The wearing of face masks will become mandatory in the ACT from midnight, and the requirement will likely continue for the next two weeks.
ACT Chief Minister Andrew Barr said while the territory was yet to record a case of COVID-19 as a result of the latest Sydney outbreak, there were thousands in the city who had recently been in greater Sydney area.
He said there would be a 48-hour introductory period in which no fines would be issued but after that, he expected everyone to comply.
Masks would be required in indoor settings, outdoors and in situations where there was interaction with “people you don’t normally live with, or work with”.
“There are a number of indoor settings that a face mask will be required. However, if you have any doubt about whether a mask is required or not, put one on,” he said in a statement.
“Mask wearing remains just one of many measures that all Canberrans can use to reduce their risk of spreading or contracting the virus. Keeping your distance from people and good hand hygiene should be a part of our lives now.
“We are also asking Canberrans to keep checking into venues. It’s a really simple way to help with any contact tracing that may be required.”
The rules do not apply to children under the age of 12. Masks will also not be required at work if people are not directly interacting with members of the public.
Canberrans are advised to use either single-use disposable masks or resuable cloth ones, and authorities say scarves, bandannas and face shields are not adequate substitutes.
Masks will be required in the follow places:
On a public transport service or at a public transport waiting area, including
- Taxi services
- Rideshare services
- Bus and light rail services
- Community transport services
- Stations or platforms for rail/bus/lightrail
- Bus stops and taxi ranks (including any area where people queue or gather)
In indoor retail premises or business premises that provide goods or services to members of the public who attend the premises (other than a hospitality venue, health service or kiosk), including the following:
- Shopping centres (including food courts)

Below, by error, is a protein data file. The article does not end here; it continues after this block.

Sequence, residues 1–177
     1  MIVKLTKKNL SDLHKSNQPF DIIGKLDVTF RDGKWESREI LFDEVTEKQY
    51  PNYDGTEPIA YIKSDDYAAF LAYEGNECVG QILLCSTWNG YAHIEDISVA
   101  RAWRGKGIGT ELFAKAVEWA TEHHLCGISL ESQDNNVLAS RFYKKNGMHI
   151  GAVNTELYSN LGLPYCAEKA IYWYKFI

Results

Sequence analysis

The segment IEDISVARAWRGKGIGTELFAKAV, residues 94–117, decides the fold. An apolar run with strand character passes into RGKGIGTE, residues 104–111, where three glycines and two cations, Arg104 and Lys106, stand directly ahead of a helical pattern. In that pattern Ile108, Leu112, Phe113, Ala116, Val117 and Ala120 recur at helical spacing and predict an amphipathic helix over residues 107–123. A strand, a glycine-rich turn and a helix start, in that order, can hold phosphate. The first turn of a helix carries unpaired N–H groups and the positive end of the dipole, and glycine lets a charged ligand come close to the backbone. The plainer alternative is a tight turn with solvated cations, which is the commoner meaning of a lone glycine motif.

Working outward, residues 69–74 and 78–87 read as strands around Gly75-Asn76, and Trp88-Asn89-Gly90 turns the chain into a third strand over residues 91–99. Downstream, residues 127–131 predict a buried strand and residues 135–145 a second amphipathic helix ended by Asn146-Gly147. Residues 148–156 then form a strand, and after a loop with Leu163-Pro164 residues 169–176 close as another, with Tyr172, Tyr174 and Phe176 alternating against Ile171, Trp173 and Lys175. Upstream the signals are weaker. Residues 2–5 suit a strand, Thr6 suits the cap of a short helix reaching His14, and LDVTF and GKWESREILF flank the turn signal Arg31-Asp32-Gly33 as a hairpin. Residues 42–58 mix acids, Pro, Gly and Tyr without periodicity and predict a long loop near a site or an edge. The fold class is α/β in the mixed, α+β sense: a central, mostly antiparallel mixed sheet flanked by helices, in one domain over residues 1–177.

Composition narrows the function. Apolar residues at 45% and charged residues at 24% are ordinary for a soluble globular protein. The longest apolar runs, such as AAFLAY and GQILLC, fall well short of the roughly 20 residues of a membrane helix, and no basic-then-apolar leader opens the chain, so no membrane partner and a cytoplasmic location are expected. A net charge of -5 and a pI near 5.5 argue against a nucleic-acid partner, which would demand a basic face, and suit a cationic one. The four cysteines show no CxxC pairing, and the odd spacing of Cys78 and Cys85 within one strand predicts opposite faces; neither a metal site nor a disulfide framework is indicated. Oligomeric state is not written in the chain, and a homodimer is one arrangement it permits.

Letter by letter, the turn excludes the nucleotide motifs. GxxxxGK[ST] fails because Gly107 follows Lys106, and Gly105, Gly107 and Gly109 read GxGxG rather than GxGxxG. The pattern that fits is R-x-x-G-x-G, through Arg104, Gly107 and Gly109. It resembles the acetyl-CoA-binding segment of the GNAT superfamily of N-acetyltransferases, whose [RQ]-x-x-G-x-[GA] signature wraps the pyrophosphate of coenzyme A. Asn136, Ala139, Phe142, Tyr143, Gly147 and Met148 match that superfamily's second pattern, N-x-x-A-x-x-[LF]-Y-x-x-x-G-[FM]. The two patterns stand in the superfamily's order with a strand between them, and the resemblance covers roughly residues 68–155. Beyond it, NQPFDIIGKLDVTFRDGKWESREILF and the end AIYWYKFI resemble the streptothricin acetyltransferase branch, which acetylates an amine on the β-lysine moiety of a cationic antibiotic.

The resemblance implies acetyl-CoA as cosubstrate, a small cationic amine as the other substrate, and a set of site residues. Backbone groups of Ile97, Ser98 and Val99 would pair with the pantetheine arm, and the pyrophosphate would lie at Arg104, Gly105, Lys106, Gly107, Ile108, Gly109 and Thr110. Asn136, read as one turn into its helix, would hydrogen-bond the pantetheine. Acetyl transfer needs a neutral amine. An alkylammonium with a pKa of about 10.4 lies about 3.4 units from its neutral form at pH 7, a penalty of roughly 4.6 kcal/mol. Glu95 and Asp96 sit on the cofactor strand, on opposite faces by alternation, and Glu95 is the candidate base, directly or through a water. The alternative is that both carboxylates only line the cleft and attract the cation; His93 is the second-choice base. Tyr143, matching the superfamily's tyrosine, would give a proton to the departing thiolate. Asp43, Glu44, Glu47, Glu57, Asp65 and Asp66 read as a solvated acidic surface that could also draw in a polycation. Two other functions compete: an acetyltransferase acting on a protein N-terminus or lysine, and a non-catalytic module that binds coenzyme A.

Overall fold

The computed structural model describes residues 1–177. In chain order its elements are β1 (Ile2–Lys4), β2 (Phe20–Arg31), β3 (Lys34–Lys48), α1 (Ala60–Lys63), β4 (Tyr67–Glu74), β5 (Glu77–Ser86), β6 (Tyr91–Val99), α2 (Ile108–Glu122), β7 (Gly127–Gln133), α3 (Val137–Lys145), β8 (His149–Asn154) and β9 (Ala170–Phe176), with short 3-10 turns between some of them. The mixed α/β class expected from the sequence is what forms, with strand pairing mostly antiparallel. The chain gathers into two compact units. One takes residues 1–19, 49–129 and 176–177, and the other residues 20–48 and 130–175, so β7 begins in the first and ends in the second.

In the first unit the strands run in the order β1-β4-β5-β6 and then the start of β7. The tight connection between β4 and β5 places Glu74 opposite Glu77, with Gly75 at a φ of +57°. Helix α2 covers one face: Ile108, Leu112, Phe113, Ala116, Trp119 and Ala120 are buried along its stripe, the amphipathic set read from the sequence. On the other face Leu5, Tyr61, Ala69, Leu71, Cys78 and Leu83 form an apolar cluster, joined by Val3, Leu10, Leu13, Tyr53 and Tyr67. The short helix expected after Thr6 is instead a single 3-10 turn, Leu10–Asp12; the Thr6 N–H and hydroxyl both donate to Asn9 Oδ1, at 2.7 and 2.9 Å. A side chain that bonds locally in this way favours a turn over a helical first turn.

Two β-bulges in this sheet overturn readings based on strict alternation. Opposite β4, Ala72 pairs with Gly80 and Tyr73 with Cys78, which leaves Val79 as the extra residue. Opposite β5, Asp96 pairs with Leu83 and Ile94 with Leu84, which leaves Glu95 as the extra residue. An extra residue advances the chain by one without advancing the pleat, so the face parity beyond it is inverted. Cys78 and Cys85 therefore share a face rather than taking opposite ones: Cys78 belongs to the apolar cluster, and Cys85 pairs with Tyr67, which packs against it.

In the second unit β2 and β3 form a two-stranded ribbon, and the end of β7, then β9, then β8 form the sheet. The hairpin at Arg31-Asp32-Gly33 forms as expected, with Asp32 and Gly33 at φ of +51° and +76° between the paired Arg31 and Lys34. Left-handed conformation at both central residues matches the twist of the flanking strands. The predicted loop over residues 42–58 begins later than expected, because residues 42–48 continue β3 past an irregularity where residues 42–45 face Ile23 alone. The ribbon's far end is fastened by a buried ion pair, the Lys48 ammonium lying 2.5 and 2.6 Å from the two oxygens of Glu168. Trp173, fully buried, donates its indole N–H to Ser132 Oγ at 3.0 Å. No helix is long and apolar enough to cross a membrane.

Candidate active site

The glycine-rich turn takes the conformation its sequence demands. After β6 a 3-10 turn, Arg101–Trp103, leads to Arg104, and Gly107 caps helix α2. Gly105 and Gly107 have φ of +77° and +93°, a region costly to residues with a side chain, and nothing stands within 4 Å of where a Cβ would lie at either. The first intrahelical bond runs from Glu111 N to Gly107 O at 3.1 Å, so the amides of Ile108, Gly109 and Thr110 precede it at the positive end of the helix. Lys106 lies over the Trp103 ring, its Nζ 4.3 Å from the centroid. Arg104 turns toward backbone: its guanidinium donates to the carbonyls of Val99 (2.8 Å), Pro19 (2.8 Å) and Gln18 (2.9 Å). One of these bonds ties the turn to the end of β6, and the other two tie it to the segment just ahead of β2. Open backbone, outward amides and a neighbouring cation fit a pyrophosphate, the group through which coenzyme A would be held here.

- Bank branches
- Post offices
- Hairdressing salons
- Nail salons
- Beauty salons (removal of the face covering is permitted if necessary for the proper provision of the goods and services)
- Tanning salons
- Waxing salons
- Tattoo parlours
- Massage parlours
- Betting agencies
- Community centres, youth centres or facilities
- Auction houses
- Real estate auctions / display homes / open homes
- Galleries / museums / national institutions
In any indoor part of premises licensed under the Liquor Act that is used primarily for the purposes of gaming, including a gaming lounge
In indoor entertainment facilities including
- Cinemas or movie theatres
- Events and event performances
In indoor premises being used for public worship or religious services, including places of worship
Visiting or working within residential aged care facilities. (Note: residents of an aged care facility are exempt.)
Working at a hospitality venue in the ACT in a role which requires you to deal directly with members of the public. This includes:
- food and drink premises
- micro-breweries and small distilleries
- registered clubs
- small bars
When can I remove my face mask?
You can remove a fitted face covering when:
- You are eating or drinking
- You are communicating with another person who is deaf or hard of hearing
- You are at work and the nature of your work makes the wearing of a fitted face covering a risk to your health and safety or another person’s health and safety
- Clear enunciation or visibility of the person’s mouth is essential
- In an emergency
- Removal of the covering is necessary for the proper provision of the goods and services
Who does not need to wear a face mask?
Face mask requirements do not apply to:
- Persons aged 12 years or under,
- A person with a physical or mental health illness or condition, or disability that makes wearing a fitted face covering unsuitable including for example a skin condition, an intellectual disability, autism or trauma.